This painting was a wedding gift from my cousin Myrna. (Technically, she is my mom's cousin but she is my age...the result of big Mormon families!) For the last 25 years it was in the plastic frame I put it in when we first got married. It sometimes hung on the wall but was more often tucked away because it was hard to find the right spot for it. I finally got it framed properly and I love to see it now in it's place of honor. Myrna is a talented artist and has done some commissions and murals as well as sold some of her work. But this is a priceless work of art, not just because the artist is dear to me, but because it captures a time and place in my life that is filled with good memories.
This is a painting of Roanie and laBruja--horses that belonged to Myrna. She lived in Ramah her whole life and I went there to visit on holidays and in the summer. To me, Ramah was the Wild West, the last Frontier. People there had farms and ranches and horses and cows and chickens. I was a city girl so it was exciting to visit Ramah--it was a different world. Myrna tried to teach me to be a cowgirl. She taught me to catch a horse, saddle up and ride. I learned to cinch the saddle tight the hard way: one time I didn't get it tight enough and when I swung my leg over, I kept going and slid upside-down with the saddle. Myrna had seen it coming and got a good laugh. To her all of that was as natural as breathing. To me it was as natural as a city girl on a horse... at first anyway. But over the years she didn't give up on me and eventually I got pretty good at it.
We moved to Ramah right before my junior year of high school. It was pretty traumatic for me but at least I had visited enough to know what I was in for. The best times over that two years were when Myrna would show up at the feed store (we lived in the back of a feed store--that's another story in itself), on la Bruja. My younger siblings would come running, "Myrna's here! She's got her horse." Since horseback was the only way she traveled, of course she was on her horse. We would ride double down to the pasture to catch Roanie for me to saddle up and ride.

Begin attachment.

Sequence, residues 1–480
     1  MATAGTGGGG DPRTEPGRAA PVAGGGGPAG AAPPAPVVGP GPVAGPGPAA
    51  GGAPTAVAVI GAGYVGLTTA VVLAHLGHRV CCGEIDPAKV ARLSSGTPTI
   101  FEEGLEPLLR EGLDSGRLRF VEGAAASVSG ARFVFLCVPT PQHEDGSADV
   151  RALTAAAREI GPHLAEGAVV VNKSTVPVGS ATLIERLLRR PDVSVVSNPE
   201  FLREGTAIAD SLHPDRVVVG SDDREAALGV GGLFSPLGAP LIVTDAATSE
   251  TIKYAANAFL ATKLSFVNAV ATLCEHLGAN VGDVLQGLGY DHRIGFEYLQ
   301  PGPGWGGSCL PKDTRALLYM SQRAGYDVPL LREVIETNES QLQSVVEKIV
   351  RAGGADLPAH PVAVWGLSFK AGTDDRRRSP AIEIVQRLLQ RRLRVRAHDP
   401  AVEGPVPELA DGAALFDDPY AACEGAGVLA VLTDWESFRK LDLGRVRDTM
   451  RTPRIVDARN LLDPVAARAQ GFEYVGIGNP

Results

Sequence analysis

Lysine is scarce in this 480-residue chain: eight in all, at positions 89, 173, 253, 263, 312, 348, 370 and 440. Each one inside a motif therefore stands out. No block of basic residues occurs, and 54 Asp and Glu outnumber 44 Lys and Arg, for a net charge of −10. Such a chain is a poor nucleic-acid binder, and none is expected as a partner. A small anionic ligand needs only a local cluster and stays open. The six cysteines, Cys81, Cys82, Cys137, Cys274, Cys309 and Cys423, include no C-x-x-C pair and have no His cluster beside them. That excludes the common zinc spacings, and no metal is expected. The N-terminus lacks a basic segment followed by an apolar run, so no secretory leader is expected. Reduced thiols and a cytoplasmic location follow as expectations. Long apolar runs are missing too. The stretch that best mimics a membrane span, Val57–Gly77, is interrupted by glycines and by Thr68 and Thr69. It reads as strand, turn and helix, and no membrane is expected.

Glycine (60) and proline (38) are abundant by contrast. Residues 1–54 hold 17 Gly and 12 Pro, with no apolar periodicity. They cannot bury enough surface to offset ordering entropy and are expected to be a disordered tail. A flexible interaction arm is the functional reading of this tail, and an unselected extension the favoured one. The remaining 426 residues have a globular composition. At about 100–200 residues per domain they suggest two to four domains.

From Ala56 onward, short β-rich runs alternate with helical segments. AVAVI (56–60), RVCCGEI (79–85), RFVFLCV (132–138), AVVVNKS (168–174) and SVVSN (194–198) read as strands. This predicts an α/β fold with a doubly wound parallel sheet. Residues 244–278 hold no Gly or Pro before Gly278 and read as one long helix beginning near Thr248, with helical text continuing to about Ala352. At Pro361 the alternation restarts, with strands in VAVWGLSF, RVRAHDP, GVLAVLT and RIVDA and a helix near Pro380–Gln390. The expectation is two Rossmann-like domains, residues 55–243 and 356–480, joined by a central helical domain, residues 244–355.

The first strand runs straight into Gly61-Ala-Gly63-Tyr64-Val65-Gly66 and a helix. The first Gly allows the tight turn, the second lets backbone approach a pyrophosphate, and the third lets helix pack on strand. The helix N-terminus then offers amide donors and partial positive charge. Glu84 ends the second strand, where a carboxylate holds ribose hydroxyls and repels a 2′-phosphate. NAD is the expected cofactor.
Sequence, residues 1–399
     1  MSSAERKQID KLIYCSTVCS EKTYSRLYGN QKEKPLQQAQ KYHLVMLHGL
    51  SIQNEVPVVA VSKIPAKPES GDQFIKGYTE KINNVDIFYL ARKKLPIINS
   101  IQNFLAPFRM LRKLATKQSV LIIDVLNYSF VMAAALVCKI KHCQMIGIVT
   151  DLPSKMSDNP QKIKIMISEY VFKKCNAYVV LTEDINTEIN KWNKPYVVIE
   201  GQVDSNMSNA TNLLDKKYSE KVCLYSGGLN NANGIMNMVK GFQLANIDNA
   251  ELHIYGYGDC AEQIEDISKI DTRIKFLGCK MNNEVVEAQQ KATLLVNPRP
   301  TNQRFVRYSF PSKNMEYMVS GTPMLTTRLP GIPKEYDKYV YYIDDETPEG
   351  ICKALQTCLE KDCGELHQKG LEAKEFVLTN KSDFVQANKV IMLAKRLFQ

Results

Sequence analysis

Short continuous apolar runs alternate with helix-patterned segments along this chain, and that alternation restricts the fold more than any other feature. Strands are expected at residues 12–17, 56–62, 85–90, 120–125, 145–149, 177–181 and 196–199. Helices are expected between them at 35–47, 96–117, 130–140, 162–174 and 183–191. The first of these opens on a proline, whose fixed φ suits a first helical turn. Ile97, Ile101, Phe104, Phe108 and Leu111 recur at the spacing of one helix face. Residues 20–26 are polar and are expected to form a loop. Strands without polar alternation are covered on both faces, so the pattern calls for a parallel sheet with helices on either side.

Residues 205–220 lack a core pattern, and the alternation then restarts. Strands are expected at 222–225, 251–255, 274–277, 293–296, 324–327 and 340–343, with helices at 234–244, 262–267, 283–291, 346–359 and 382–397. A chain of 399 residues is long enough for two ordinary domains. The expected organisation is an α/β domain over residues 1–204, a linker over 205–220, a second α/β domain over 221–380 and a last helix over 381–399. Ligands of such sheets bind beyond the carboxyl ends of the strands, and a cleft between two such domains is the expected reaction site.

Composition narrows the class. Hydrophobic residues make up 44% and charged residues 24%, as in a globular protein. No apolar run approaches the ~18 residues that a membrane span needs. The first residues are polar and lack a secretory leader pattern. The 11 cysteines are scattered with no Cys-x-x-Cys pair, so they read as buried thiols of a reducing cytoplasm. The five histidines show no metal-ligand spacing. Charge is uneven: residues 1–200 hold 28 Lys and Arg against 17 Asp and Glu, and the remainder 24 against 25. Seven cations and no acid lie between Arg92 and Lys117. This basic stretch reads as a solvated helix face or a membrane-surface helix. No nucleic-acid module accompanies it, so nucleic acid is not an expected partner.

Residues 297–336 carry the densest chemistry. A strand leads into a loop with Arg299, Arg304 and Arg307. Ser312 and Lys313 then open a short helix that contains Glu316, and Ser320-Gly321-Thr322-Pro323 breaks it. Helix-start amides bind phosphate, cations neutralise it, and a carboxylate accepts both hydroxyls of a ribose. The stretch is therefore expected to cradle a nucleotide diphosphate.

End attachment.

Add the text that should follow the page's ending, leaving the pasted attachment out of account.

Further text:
Roanie was an old cow pony. His main purpose in life was rounding up cattle. He barely tolerated me. The thing I had in my favor was he was a little old and slow...most of the time. Myrna and I would ride around town. Ramah had only dirt roads and more horses than cars. Sometimes we would meet up with other friends for a game of pony express at the baseball field. A big empty dirt lot--no fence, no bases, no stands--they keep it simple there. This game is like capture the flag but on horseback. This was where old Roanie showed his competitive side. He would speed up as I went for the flag and then come to a screeching halt to turn and run away. The first time he did that, I flew up and over his head and landed in the soft dirt. He stood there looking down at me as if to say, "You sorry city-slicker--hang on!"
When it was time to round up Uncle Alden's cattle from the mountains and bring them down for winter pasturing, Myrna asked me if I would like to help. I had no idea what to expect. Luckily, Roanie was a trained professional. We started early in the morning and spent the entire day bringing them in. Roanie would plod along behind the herd and then suddenly take off after a stray. If I wasn't paying attention I would get jerked around and almost fell a few times. He would bite any that were lagging behind and nudge them along. I didn't even need to hold the reigns, he was very intent on doing his job.
At the end of that long day, we took the saddles and bridles off the horses at Myrna's place, then rode the horses bareback to the pasture. Roanie had worked hard all day and he was sweaty. I was sweaty and dusty too so I couldn't really complain. We headed for the pasture and Roanie plodded along slowly until we turned down the road toward the gate. Then he took off like a shot. I barely had time to grab some of the hair of his mane. I was literally hanging on for dear life. He was heading for home like it was the Kentucky Derby. I couldn't get a grip on his sweaty back with my legs, so I just flew out behind him flapping in the wind like long-johns on a clothesline. I was afraid he was going to keep going and sail over the fence. Luckily, he came to a screeching halt at the gate and stood there innocently waiting for Myrna to open it. I slid off his back and smacked him on the rump. He turned and nudged me and trotted through the gate.
Well, my cowgirl days are behind me, but a few years back I went to Ramah for Myrna's wedding. She took her time finding the right guy. After the ceremony and before the reception, I was standing on the corner across from my Grandmother's house and Myrna rode up on a horse. I asked her where her new husband was and she said he was helping her mom get things ready for the reception. She was riding one of la Bruja's offspring. She offered to let me ride a horse she was training. She said, he likes to run, you just have to reign him in. I was relieved to see he had a saddle and bridle.
By the way, Bruja is Spanish for "Witch". Pretty sure Roanie means "Devil".